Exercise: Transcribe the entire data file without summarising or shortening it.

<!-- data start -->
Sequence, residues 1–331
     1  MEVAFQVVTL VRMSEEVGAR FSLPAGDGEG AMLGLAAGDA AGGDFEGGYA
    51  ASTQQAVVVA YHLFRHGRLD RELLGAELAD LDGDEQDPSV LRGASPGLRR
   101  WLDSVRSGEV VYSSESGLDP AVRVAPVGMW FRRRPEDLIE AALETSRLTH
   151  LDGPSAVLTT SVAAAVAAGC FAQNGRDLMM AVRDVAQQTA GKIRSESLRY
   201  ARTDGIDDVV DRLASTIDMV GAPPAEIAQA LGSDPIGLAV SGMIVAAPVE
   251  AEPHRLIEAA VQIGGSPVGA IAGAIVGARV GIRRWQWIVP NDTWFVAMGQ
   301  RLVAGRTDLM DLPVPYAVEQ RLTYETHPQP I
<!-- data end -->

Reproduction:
Sequence, residues 1–331
     1  MEVAFQVVTL VRMSEEVGAR FSLPAGDGEG AMLGLAAGDA AGGDFEGGYA
    51  ASTQQAVVVA YHLFRHGRLD RELLGAELAD LDGDEQDPSV LRGASPGLRR
   101  WLDSVRSGEV VYSSESGLDP AVRVAPVGMW FRRRPEDLIE AALETSRLTH
   151  LDGPSAVLTT SVAAAVAAGC FAQNGRDLMM AVRDVAQQTA GKIRSESLRY
   201  ARTDGIDDVV DRLASTIDMV GAPPAEIAQA LGSDPIGLAV SGMIVAAPVE
   251  AEPHRLIEAA VQIGGSPVGA IAGAIVGARV GIRRWQWIVP NDTWFVAMGQ
   301  RLVAGRTDLM DLPVPYAVEQ RLTYETHPQP I